There’s always a lot of discussion about the problems with annual performance reviews. Although they’re meant to motivate, too often these reviews end up being time consuming and difficult for both managers and employees. But because they help with setting goals and measuring performance, they continue to play an important role in most organizations. With improvement, though, they can accomplish even more. Here are five ways to drive productivity by making performance reviews both motivational and worthwhile.
1.Review performance daily. You want the best from your employees, give them real-time feedback on accomplishments and challenges throughout the year. At annual review time, you can then focus on achievements and growth rather than rehash past challenges—and you won’t encounter any surprises.
2. Treat reviews as conversations. Everyone should be comfortable discussing performance, so don’t lecture employees in language that makes sense only to HR. Instead, give them clear action steps and information they can use: discuss specific achievements they can be proud of and areas in which they need improvement. And use systems that capture your conversation—don’t fall into the trap of discussing only what fits in a box on your form.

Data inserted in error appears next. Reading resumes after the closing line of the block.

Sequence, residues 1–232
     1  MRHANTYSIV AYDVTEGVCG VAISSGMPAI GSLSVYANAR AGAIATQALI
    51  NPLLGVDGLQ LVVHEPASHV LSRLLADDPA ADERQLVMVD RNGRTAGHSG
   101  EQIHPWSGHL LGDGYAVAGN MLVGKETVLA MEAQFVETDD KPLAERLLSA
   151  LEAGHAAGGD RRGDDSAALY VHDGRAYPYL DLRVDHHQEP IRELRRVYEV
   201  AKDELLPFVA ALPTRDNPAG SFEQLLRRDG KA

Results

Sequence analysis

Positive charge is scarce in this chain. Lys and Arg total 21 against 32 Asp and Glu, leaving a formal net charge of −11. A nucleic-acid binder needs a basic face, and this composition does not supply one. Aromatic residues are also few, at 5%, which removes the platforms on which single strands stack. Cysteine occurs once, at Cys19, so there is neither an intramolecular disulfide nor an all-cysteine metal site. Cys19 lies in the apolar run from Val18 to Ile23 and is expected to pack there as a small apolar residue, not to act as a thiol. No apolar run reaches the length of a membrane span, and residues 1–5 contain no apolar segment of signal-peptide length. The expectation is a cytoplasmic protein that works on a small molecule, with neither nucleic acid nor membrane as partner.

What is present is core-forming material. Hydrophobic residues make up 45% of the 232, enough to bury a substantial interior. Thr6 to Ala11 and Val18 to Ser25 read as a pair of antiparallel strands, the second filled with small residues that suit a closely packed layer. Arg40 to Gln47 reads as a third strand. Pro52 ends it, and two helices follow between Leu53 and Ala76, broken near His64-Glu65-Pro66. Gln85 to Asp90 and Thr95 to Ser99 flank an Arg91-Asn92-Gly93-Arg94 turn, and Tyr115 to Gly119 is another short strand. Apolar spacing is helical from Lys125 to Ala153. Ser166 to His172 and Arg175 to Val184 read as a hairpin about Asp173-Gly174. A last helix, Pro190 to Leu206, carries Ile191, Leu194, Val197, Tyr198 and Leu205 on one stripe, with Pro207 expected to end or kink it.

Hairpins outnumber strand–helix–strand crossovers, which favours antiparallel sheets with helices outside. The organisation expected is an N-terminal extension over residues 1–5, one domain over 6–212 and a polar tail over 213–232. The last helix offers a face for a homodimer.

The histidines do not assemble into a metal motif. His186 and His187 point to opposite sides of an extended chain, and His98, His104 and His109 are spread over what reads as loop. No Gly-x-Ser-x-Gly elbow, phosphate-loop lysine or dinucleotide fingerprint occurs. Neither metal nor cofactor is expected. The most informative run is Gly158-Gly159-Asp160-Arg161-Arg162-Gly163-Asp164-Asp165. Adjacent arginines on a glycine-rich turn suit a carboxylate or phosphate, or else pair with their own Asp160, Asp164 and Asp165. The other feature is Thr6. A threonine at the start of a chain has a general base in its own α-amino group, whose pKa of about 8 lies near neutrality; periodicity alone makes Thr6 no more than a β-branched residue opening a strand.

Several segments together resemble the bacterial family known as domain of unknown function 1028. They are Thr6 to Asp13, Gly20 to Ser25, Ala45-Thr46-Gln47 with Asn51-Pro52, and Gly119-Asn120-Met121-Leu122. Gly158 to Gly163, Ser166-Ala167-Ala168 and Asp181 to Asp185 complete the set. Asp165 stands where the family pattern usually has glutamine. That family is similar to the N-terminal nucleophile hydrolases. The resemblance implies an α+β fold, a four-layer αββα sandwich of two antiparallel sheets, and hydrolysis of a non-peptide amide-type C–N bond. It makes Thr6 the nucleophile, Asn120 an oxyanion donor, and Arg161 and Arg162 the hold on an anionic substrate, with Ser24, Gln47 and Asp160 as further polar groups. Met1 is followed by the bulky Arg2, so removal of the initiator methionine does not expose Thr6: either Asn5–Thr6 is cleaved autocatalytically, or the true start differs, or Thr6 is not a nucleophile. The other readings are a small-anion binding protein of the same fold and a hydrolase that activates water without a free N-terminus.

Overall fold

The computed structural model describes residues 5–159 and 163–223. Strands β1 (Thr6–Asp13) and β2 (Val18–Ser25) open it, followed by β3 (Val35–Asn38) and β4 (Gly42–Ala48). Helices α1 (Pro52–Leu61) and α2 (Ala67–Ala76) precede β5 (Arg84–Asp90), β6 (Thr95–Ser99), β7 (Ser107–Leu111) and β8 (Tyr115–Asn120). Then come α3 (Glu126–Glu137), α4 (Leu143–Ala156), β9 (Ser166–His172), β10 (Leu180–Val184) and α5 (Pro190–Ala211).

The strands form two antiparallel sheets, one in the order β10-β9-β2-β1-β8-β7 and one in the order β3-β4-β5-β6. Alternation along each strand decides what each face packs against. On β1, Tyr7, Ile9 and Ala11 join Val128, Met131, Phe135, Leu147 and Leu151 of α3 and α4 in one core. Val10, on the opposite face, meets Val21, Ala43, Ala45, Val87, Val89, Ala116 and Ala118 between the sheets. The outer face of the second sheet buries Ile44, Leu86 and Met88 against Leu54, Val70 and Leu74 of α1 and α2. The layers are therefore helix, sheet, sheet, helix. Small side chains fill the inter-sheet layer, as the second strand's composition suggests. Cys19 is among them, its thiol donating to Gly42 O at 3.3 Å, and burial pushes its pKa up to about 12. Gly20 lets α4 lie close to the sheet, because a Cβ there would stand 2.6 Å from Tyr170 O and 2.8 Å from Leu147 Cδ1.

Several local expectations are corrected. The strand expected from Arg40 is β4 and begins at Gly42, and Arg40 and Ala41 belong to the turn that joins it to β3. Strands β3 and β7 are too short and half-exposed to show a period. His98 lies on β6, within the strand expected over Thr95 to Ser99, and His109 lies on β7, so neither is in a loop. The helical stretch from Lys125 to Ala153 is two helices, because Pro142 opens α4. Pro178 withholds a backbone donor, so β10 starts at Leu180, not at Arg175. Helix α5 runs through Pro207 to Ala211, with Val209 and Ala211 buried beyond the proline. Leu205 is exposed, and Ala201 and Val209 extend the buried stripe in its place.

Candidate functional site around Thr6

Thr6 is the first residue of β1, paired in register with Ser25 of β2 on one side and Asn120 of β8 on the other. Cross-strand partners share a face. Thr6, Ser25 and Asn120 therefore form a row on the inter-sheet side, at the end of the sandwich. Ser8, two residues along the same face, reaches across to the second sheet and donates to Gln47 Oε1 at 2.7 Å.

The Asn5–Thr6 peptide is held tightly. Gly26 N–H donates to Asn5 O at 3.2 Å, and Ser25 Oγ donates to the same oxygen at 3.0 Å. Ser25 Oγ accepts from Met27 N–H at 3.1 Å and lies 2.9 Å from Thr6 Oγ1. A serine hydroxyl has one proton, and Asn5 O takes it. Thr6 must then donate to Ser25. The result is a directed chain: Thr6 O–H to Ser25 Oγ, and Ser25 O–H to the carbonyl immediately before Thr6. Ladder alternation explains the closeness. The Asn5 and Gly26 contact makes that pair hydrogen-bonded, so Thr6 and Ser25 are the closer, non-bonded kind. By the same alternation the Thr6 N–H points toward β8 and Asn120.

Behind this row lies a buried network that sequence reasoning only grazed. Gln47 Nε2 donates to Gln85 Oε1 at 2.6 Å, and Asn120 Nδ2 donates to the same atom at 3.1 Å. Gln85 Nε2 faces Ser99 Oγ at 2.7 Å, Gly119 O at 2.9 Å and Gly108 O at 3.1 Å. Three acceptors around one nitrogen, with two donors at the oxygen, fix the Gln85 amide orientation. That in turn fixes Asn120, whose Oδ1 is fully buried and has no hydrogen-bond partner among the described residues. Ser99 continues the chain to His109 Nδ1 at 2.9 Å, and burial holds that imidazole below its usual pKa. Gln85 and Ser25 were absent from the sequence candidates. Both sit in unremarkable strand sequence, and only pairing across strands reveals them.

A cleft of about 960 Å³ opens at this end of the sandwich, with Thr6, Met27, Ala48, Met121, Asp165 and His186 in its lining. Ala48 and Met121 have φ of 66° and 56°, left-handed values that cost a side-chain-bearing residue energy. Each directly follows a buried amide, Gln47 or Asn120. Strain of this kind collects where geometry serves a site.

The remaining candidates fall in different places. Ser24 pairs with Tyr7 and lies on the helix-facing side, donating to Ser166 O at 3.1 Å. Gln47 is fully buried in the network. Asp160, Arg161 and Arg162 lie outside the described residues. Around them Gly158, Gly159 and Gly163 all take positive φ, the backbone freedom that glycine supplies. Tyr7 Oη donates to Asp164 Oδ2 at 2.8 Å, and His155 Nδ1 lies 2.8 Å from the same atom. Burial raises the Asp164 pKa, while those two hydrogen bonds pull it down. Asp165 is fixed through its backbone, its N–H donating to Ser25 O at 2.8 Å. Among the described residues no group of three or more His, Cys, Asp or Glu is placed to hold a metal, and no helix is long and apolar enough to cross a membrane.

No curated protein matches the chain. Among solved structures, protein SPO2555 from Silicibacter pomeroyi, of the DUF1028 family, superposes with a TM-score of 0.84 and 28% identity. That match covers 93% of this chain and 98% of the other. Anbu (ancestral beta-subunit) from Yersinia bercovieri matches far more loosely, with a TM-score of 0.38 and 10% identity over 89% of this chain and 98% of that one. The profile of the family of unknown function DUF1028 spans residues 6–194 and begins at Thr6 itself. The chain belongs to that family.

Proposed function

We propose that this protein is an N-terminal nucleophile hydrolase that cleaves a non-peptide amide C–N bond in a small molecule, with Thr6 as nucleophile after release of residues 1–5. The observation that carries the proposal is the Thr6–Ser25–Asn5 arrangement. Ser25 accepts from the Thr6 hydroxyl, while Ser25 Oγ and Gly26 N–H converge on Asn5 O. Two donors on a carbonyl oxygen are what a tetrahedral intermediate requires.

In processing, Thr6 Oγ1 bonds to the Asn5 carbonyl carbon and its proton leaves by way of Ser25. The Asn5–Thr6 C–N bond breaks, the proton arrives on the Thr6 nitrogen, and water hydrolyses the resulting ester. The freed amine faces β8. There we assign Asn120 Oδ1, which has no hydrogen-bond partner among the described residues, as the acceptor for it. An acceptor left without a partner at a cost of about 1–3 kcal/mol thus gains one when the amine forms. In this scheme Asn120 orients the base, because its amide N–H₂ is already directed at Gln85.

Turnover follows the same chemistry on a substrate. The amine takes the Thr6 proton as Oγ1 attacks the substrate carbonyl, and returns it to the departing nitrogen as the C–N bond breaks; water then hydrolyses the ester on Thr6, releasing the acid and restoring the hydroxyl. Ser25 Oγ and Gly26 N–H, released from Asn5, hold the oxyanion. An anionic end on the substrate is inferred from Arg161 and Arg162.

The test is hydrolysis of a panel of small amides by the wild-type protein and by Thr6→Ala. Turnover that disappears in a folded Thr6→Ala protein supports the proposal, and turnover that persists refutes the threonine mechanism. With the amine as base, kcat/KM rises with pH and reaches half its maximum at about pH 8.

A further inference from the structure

3. Give reviews a purpose. Why bother with reviews if all you do is fill out a form and file it away? Reviews should collect useful employee-performance information that can be put to work for the entire organization. If managers see the value of performance reviews, those reviews will get done. And employees will make a greater effort in their reviews when they can see their benefits.
4. Embrace simplicity and consistency. Simple, frequent reviews will give you a clear, current understanding of what’s happening with your team and contribute positively to individual engagement. Reviews should be straightforward and allow you to focus on the person sitting in front of you rather than make you decipher forms or translate HR-speak. After all, managing people is hard enough without having to deal with the effects of painfully complicated reviews.
5. Change the review experience. We’ve all had bad review experiences (as both reviewers and reviewees). Reviews don’t have to be awful, though, if you approach them with the right attitude. Great managers talk about performance every day and give timely (and useful) feedback to their teams. Great employees welcome feedback as a source of inspiration, motivation, and reassurance.